our fellow humans, for better or for worse. We rely on each other. We need each other. And we should care about each other.
In the words of the prolific India.Arie,
It doesn't cost a thing to smile
You don't have to pay to laugh
You better thank God for that.
Stand up for your rights
Keep shining your light
And show the world your smile.”
At the beginning of each new year, humans have taken to setting resolutions and new goals that they wish to accomplish in the coming 364 days. As the year wears on, however, we often find that we have not accomplished all that we set out to achieve, at least not at the rate we expected. I think that over the last two years, it’s been more and more challenging to hold on to the optimism that each new year brings. For many of us, life feels harder; things seem more complicated now than ever.
It is true that with each passing year, living becomes more layered, more complex, and more nuanced. But no matter what issues we face, we always have a choice. We can choose hope. We can choose to look forward to the next day with optimism, gratitude and faith. I choose hope every day, even on the days when it feels easier not to.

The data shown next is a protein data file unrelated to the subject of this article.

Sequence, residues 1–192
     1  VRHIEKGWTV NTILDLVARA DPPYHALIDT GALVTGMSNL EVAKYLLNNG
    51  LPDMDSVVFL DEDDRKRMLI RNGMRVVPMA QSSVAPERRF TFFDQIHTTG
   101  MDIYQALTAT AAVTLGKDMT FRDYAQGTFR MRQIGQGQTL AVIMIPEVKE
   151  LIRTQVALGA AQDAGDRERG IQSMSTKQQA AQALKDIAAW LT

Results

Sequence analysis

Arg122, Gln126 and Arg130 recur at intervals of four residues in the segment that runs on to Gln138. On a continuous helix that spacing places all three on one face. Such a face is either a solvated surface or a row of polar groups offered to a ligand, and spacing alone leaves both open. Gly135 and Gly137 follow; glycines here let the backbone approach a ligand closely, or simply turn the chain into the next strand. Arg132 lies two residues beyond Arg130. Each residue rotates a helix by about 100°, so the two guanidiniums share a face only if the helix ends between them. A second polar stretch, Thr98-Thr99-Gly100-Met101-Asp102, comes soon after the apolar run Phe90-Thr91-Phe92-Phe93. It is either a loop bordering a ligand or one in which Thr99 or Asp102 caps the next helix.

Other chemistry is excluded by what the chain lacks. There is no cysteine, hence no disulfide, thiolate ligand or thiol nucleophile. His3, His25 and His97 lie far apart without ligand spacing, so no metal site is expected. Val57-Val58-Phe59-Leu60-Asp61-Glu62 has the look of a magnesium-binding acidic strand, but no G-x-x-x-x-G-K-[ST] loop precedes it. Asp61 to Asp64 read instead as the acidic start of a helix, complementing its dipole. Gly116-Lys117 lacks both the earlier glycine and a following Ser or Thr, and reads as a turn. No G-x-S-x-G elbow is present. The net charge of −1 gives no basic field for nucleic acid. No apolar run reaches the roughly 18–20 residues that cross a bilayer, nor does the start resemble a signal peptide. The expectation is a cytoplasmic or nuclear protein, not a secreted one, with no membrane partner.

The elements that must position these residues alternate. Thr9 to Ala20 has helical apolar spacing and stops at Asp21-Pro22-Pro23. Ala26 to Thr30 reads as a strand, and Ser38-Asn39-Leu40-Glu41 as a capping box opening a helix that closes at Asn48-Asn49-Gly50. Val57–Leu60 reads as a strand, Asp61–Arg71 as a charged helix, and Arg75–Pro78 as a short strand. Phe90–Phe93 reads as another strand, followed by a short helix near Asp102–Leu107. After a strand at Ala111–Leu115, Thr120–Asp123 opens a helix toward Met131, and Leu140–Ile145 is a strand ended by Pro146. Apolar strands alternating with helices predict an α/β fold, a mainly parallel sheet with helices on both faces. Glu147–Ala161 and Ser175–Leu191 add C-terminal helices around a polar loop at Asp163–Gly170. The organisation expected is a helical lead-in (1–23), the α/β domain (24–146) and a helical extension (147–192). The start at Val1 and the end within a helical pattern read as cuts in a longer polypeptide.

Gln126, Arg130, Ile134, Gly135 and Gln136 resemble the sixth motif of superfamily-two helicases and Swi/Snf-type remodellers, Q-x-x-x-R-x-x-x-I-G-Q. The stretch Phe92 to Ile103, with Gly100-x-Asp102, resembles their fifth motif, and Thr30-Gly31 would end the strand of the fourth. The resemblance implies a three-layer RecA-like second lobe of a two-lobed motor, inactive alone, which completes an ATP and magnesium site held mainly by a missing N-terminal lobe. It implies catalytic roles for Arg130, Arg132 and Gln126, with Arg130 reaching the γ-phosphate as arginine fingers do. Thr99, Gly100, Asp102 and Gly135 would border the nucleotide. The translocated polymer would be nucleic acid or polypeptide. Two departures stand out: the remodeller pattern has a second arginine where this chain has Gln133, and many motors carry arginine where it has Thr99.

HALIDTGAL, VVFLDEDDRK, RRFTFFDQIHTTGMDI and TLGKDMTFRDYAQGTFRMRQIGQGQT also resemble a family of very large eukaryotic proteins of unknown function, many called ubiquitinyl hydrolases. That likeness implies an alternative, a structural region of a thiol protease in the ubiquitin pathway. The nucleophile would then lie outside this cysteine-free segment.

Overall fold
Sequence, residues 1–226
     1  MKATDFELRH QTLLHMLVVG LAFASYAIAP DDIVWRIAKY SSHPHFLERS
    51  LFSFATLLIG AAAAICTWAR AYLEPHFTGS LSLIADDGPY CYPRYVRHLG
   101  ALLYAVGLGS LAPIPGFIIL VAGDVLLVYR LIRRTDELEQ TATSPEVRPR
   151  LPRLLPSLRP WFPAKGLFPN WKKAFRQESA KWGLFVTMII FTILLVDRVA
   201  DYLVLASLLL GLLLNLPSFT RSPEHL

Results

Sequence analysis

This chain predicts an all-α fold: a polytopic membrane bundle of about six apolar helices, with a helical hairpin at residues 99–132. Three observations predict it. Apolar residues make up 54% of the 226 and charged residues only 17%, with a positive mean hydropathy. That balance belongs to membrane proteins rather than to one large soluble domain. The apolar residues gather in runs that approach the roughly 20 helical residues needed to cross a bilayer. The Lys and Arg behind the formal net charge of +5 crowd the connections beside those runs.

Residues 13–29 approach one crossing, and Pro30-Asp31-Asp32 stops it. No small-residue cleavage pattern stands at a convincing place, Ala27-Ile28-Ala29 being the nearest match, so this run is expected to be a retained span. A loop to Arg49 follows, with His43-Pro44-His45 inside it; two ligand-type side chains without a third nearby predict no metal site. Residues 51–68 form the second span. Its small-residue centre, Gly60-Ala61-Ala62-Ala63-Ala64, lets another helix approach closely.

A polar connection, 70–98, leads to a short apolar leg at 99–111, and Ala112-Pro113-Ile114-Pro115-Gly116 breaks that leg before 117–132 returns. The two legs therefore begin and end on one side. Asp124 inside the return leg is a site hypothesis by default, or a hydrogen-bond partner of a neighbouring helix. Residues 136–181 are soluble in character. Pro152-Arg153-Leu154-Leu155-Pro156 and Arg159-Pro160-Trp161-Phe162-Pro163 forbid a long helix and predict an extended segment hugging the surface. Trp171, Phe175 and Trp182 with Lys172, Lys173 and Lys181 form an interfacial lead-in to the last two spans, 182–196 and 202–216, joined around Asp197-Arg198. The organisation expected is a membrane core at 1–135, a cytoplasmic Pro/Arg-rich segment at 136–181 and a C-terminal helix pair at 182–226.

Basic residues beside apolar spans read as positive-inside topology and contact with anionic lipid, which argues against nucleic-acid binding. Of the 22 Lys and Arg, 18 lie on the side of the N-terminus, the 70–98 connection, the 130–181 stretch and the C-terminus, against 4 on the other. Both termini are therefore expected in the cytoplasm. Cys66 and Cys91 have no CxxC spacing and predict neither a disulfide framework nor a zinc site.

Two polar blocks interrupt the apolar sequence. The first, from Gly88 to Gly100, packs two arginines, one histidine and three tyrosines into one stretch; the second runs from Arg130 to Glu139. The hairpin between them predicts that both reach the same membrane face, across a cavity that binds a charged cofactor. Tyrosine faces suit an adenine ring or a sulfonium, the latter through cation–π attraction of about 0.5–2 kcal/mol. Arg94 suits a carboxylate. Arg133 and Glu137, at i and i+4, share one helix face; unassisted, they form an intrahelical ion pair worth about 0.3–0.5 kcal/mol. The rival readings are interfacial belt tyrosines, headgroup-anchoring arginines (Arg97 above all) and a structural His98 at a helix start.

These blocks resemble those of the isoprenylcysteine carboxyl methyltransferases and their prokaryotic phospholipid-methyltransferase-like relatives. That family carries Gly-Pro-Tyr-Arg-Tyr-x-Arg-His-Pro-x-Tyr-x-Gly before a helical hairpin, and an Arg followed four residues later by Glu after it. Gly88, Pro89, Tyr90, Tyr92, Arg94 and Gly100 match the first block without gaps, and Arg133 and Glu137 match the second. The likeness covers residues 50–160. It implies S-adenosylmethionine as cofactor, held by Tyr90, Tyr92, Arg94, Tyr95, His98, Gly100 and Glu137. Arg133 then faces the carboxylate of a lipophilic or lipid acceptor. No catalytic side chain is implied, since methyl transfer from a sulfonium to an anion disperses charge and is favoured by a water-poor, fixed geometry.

I remember many people in my lineage who faced horrific circumstances, and could’ve given up or opted out of trying, but they didn’t. I am grateful that they did not because had they done so, I would not be here.
I choose hope because I think of women like our World Changer of the Month, Elizabeth Taylor, and how easy it would’ve been for her to give up after her husband, small child, mother and sister-in-law died. But she did not. She believed in the possibility of a brighter tomorrow. She chose hope.
So as we begin the year 2023, let’s remember that there is always hope. Let’s commit to choosing it every day.